Tips for CS475

NVIDIA CUDA support is limited on some versions of Mac computers. (For example, Apple just doesn’t support it for OS 10.14 at the time of this writing). If you’re on a Mac, I suggest using the school-provided rabbit server for your CUDA assignments and not wasting hours like I did trying to get it all working on a Mac.

Go to the office hours! Seriously, I went on a whim near the end of the quarter and was surprised to find myself alone in a video chat with the professor. I was just going to lurk but it ended up being a great chance to discuss a bunch of class topics one on one. Another student showed up and he stepped through her previous assignment code with her. You can’t beat the value of having an expert review your code with you!

The exams are straightforward. Some classes in this program use exams as an opportunity to test your speediness and your ability to keep track of registers through multiple iterations of multiple loops, but this class kept it fair and simple: watch the lectures, take notes, study those notes and you’ll do fine! He even gives a generous amount of time for the exams.

Overall, it’s just a high quality course. The lectures were freshly recorded, well-paced, on-topic, and relevant to the assignments and tests. The weekly assignments always looked challenging at first but were ultimately quite doable and enjoyable.

I’ve got just 4 classes left to complete my degree. I’ll be back in the fall quarter for Intro to Networks! See you all then!

OSU eCampus CS344 Operating Systems review & recap

This post is part of an ongoing series recapping my experience in Oregon State University’s eCampus (online) post-baccalaureate Computer Science degree program. You can learn more about the program here.

Six-word summary: Four final projects in a row

CS344 is your chance to work on four large, back-to-back projects that cover a breadth of topics. They feel a bit contrived (ie: more like schoolwork than real-world problems) at times and their application to real problems might be hard to see at first, but there’s no denying it: doing four big projects in a row will level up your skills a whole bunch.

CS344 Review

This course picks up where other C courses left off and introduces some new and exciting features, such as bash scripting and mutual exclusion locks.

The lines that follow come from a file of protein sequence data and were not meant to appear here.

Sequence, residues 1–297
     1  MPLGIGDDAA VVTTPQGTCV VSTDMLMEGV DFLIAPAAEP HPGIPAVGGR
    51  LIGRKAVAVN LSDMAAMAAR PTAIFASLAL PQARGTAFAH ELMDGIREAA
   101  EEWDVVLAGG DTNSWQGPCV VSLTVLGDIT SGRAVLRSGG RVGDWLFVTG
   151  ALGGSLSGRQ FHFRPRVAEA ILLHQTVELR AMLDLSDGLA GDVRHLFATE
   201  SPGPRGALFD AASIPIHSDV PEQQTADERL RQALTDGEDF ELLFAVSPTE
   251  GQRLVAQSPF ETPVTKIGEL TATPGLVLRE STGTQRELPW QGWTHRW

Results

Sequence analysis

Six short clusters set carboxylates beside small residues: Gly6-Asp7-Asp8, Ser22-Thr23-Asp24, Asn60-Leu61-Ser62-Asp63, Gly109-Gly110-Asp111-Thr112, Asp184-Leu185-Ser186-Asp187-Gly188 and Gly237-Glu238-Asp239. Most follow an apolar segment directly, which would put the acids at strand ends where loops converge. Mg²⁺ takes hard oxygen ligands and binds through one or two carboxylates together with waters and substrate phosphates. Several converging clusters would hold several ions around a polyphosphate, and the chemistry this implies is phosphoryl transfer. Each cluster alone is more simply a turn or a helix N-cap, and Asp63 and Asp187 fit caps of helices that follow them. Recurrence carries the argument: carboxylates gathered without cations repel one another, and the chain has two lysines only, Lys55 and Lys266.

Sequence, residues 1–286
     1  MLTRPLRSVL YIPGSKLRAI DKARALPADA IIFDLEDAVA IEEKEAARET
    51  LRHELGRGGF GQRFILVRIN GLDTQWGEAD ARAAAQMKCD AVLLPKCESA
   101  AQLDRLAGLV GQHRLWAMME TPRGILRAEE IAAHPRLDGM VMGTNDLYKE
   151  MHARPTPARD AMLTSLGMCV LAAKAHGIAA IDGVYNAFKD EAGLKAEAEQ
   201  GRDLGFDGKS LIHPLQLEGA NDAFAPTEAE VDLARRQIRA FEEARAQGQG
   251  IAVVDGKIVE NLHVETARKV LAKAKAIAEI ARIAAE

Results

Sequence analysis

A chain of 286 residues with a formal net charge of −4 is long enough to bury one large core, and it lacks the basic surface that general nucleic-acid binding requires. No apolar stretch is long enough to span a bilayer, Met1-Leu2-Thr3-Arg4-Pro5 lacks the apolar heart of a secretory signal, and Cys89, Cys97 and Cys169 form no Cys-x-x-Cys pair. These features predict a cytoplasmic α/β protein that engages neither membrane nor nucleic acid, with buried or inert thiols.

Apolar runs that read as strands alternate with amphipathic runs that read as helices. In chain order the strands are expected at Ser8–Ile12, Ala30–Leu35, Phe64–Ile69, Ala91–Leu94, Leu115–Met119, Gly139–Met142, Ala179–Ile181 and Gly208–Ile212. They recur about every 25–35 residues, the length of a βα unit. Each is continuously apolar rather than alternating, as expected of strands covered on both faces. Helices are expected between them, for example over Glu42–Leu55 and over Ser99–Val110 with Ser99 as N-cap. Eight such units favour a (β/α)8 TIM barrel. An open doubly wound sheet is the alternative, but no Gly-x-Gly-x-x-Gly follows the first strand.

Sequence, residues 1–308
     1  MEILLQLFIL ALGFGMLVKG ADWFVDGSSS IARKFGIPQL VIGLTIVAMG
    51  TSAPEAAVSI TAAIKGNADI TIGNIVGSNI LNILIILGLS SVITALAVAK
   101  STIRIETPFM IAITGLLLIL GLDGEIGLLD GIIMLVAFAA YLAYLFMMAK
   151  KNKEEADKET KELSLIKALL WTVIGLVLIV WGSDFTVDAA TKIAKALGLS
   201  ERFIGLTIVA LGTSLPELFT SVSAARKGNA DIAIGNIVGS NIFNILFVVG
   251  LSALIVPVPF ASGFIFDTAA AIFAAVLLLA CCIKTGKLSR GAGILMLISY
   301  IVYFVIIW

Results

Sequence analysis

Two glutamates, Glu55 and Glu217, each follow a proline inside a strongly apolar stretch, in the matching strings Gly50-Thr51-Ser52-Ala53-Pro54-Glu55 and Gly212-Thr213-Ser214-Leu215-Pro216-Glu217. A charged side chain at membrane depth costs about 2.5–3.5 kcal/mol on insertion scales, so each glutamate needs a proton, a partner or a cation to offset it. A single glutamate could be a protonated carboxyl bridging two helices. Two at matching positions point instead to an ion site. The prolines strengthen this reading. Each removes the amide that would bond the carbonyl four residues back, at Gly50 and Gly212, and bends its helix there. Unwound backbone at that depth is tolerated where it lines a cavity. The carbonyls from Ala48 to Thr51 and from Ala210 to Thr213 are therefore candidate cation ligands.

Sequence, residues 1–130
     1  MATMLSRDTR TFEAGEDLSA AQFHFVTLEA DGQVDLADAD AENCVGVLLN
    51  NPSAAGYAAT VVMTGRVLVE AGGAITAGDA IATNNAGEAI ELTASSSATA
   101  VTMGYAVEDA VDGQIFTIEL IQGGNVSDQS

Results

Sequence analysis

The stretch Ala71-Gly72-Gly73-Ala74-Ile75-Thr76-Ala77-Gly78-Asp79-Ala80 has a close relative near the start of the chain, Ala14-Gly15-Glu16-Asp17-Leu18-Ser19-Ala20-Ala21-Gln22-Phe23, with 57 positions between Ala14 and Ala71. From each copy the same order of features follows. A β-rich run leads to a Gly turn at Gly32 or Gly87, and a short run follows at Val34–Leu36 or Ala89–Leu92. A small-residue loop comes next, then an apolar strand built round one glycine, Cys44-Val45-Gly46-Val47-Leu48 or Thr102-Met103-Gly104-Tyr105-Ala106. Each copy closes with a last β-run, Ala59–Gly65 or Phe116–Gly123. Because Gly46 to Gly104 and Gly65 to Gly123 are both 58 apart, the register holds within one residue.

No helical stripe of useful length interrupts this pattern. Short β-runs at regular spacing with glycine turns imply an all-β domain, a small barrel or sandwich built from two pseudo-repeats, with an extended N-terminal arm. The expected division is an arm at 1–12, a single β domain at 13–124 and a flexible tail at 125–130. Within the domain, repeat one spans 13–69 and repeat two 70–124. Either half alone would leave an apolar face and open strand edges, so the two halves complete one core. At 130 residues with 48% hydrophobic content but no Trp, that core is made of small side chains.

The projects are utterly massive – any one of them could’ve been CS162’s notoriously huge final project – and the course comes off as feeling more like an advanced C course than an operating systems course because of it. You do a lot of project setup and boilerplate in this class (but you do touch on a long list of OS topics as well). Sometimes the new thing (whatever the actual point of the assignment was) only takes minutes to add, like a little cherry on top of a 5-tier wedding cake of a C project.

Class structure

  • 10 weeks
  • 4 programming projects with about 2 weeks each
  • Bash and C programming language
  • No midterm, open-book (but timed) final
  • Due dates are kinda all over the place, best to triple-check them (they don’t follow a pattern)

Grading script FTW

CS344’s best feature is the clarity of its expectations. Unlike many of the courses that came before it in this program, this one is VERY CLEAR about what’s expected and how you’ll be graded on it. They hand you a grading script that runs your program code and spits out a list of results (pass/fail) or something for you to interpret. When it all passes, so do you. It’s that simple.

Overall, this class is fair and straightforward. It’s one of those classes you just gotta be disciplined and hardworking in, and it’ll reward you by introducing you (in a fairly friendly way) to topics such as sockets, locking threads, writing bash script, making your own shell, and more. I’m not sure I would have pushed myself through some of this stuff on my own – the project where we wrote our own shell was definitely intimidating at first – but I’m glad the program included this class and these opportunities. I think I learned a lot in CS344!